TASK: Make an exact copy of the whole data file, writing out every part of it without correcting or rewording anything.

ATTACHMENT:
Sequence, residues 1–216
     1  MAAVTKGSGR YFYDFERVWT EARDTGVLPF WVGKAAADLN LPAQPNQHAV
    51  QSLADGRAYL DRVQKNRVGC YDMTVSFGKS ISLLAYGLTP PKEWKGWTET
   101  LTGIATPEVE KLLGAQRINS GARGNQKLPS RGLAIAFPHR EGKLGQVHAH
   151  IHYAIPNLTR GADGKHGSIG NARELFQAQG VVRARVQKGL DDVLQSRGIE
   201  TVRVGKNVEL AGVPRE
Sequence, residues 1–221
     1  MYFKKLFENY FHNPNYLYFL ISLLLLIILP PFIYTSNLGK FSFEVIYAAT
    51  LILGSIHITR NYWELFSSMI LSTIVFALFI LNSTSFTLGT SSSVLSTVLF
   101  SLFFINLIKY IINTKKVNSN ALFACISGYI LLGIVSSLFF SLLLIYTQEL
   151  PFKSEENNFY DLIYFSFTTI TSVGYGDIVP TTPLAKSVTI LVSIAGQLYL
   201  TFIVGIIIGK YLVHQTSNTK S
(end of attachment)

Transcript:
Sequence, residues 1–216
     1  MAAVTKGSGR YFYDFERVWT EARDTGVLPF WVGKAAADLN LPAQPNQHAV
    51  QSLADGRAYL DRVQKNRVGC YDMTVSFGKS ISLLAYGLTP PKEWKGWTET
   101  LTGIATPEVE KLLGAQRINS GARGNQKLPS RGLAIAFPHR EGKLGQVHAH
   151  IHYAIPNLTR GADGKHGSIG NARELFQAQG VVRARVQKGL DDVLQSRGIE
   201  TVRVGKNVEL AGVPRE
Sequence, residues 1–221
     1  MYFKKLFENY FHNPNYLYFL ISLLLLIILP PFIYTSNLGK FSFEVIYAAT
    51  LILGSIHITR NYWELFSSMI LSTIVFALFI LNSTSFTLGT SSSVLSTVLF
   101  SLFFINLIKY IINTKKVNSN ALFACISGYI LLGIVSSLFF SLLLIYTQEL
   151  PFKSEENNFY DLIYFSFTTI TSVGYGDIVP TTPLAKSVTI LVSIAGQLYL
   201  TFIVGIIIGK YLVHQTSNTK S